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Putting VALUE in Evaluation

The following is a summary of key learnings and resources from a session held as part of the ArtsEngage Learning Community in mid-October, 2020. The focus of this session was Evaluation.

 

Evaluation often gets a bad name. We associate evaluation with counting heads and filling out reports. We want to change that thinking!

So we started our session with establishing a shared understanding of what evaluation can be. A report is not an evaluation: it’s the summation of an evaluative process. A report is right at the end of the project; evaluation starts at the conception stage and should be woven throughout the life of the project. Thinking about evaluation right from the start not only allows you to better measure the impact of your project, but can help you to clarify your values and goals, and therefore shape the project itself. 

What matters?

We first prompted participants to “pitch” their project to each other starting with “I believe this project matters to my community because…”. This was a quick warm-up to start thinking in terms of value, what matters, what drives us to act, what hope for change we continue to believe in.

“I am really pleased to look at the value beyond numbers and monetary value. I like going deeper for true feedback from the participants.”

 

We then invited everyone to go one step further in their processing by focusing on the values they expressed or heard in this exchange. What stood out in your conversation? What values are underpinning the projects you talked and heard about?

 

“I like this idea of measurement as ‘opening’ and the project as a ‘continuum’ - what does it open up for the future?”

 

During this session, we collected the following “project intentions”:

  • Keeping the arts alive in our communities
  • Safety
  • Encouragement
  • Relevance
  • Validating and dramatizing children’s stories from this time
  • Connection; not just responding to but creating, the “new normal”
  • Sharing experience with broader community
  • Participants are artists already and they have the tools to create in them now
  • Invention
  • Art as an instrument of change
  • Value of public space
  • Bringing the community together through the expression of dance, music, rhythm and creativity.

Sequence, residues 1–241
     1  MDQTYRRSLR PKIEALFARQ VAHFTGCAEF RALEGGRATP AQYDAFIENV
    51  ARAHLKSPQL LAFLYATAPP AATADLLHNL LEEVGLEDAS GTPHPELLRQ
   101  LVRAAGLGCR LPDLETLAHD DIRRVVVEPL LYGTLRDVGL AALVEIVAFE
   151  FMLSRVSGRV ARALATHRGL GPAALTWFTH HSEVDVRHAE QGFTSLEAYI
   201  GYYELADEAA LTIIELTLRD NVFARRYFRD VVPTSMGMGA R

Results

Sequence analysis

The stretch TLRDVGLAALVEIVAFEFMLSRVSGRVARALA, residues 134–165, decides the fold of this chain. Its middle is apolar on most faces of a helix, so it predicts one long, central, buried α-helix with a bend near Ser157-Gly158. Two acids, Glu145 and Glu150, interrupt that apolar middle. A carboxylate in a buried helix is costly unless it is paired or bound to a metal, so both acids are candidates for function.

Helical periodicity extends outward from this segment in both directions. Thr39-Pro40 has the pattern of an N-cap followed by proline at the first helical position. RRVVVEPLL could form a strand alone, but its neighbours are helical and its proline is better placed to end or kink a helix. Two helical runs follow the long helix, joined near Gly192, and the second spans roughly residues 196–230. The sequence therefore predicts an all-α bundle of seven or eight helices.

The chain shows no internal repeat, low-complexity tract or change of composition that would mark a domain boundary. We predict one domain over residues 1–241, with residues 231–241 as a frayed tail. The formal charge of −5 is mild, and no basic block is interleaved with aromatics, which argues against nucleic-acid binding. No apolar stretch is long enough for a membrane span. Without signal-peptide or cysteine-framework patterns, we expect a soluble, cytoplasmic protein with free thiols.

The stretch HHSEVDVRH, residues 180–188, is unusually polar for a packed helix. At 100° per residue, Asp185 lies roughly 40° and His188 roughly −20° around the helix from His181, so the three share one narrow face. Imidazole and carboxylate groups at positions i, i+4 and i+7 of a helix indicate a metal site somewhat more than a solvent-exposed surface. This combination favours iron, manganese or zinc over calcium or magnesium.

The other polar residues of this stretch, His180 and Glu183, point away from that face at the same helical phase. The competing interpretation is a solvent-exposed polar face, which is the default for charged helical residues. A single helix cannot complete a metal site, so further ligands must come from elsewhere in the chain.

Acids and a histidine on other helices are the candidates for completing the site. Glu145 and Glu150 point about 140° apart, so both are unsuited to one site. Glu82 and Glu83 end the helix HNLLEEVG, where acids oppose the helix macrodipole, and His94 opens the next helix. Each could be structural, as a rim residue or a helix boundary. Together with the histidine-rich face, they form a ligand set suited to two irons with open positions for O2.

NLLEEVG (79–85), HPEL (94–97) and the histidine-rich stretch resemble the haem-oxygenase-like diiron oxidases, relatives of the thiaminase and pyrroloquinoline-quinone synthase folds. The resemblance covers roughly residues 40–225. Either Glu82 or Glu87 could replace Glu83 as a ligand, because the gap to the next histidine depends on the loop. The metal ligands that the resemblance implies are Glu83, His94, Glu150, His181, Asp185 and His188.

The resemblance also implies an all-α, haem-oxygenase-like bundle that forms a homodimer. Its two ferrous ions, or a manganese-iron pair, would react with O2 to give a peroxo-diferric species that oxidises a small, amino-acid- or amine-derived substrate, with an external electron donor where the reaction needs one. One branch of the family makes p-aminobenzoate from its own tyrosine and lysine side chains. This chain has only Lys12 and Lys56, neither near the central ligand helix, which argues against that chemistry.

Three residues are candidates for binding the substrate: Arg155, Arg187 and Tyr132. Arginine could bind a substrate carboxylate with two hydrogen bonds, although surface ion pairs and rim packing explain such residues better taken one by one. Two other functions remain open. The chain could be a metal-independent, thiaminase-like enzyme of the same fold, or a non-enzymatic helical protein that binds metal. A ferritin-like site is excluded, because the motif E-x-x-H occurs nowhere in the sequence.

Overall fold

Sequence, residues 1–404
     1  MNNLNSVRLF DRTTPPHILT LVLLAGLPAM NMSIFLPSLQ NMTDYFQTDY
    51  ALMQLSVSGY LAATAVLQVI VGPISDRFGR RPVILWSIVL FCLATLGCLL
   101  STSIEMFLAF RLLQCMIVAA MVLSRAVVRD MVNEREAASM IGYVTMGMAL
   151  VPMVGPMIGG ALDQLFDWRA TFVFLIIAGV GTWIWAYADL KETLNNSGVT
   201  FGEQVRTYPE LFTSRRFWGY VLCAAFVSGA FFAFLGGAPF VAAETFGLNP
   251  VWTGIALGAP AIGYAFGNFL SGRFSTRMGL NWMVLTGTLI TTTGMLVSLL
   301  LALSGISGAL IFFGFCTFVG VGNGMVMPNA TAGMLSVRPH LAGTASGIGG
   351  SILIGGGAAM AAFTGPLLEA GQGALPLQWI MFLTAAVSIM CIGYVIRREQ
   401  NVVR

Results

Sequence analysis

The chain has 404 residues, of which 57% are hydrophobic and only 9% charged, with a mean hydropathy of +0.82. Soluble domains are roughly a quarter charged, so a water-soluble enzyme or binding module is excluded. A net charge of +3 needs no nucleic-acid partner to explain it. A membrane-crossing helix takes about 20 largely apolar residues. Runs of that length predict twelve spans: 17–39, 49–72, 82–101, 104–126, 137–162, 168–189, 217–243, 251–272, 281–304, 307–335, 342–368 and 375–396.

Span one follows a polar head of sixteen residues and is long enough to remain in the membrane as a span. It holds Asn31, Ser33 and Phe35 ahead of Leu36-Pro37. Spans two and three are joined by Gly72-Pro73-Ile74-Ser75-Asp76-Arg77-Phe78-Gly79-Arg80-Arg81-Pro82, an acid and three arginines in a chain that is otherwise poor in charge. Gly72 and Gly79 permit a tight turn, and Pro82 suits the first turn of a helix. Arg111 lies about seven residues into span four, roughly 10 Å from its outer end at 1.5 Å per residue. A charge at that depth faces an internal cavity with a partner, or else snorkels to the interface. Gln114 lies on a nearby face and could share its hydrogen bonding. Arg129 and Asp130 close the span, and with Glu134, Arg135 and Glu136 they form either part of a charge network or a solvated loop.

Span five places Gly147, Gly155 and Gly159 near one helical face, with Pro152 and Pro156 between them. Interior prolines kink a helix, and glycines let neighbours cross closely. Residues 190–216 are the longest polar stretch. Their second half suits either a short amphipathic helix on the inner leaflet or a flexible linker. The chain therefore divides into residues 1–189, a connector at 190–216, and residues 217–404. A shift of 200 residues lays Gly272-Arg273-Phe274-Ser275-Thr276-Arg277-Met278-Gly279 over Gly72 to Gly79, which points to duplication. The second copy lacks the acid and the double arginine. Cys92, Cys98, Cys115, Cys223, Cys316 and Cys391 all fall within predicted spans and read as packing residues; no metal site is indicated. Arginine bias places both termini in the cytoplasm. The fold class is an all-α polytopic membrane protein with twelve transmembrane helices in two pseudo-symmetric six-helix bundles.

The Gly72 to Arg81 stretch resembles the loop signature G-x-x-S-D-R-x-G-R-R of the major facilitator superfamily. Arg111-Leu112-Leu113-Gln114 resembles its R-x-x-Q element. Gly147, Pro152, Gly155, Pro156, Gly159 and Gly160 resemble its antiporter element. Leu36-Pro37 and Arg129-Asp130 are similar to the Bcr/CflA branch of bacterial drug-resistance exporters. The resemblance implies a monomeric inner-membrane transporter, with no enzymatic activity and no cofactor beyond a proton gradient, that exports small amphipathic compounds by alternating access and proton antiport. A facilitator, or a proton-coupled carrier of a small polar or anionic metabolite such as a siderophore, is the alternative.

• Inclusivity: showing the town as an inclusive place
  • Bridging historical divides
  • Connection
  • Listening" allowing artists to encourage difficult conversations that the municipality WANTS to have
  • Reconciliation: bringing marginalized sectors of the community together to communicate and collaborate.
  • Opening the participants to the fact that you can do whatever you put your mind to: self confidence, self esteem, listening, connecting both sides of the brain
  • Exploring the entry point of Art to the community: how do we get in there?

Values from Meet and Greet

During our first Meet and Greet, participants offered one word on what community means to them.

 

Having values and intentions established right at the start of a project provides a lens to observe changes in this particular area. If we know what we’re looking for - for example, increased confidence - then we can ask the right questions to participants and ourselves. What confidence looks or feels like will be different for everyone, so evaluation is also about making sense of plurality and complexity.

 

Asking the wrong questions and failing to recognize complexity can alter the shape of a project and even create negative consequences. For example, in the book Seeing Like a State: How Certain Schemes to Improve the Human Condition Have Failed, James Scott gives the example of a forestry project that ultimately killed the forest by focusing only on the question of profit (“how much wood can we get from this forest?”).

Read more about this parable

Putting Ideas Into Practice:

Using JamBoard, we tried out taking a few ArtsEngage projects as case studies to guide evaluation using a 5W framework:

  • WHAT is the change you want to see?
  • HOW can you measure this change?
  • WHO is concerned?
  • WHEN should you ask questions?
  • WHY does it matter? What is the “true” question? 

Click the button below and duplicate our Jamboard to try this exercise yourself!

Try this exercise

“This feels useful to do with all the stakeholders/collaborators to put us on same page”

“This has really made me think - love that the approach doesn’t have to be scientific”

Want to learn more? We've created a handy two-pager with further evaluation resources, and even suggested a few based on how much time you have!

Explore further resources

Our thanks to the Department of Canadian Heritage for their support of the ArtsEngage Learning Community!

Funded by the Government of Canada

 

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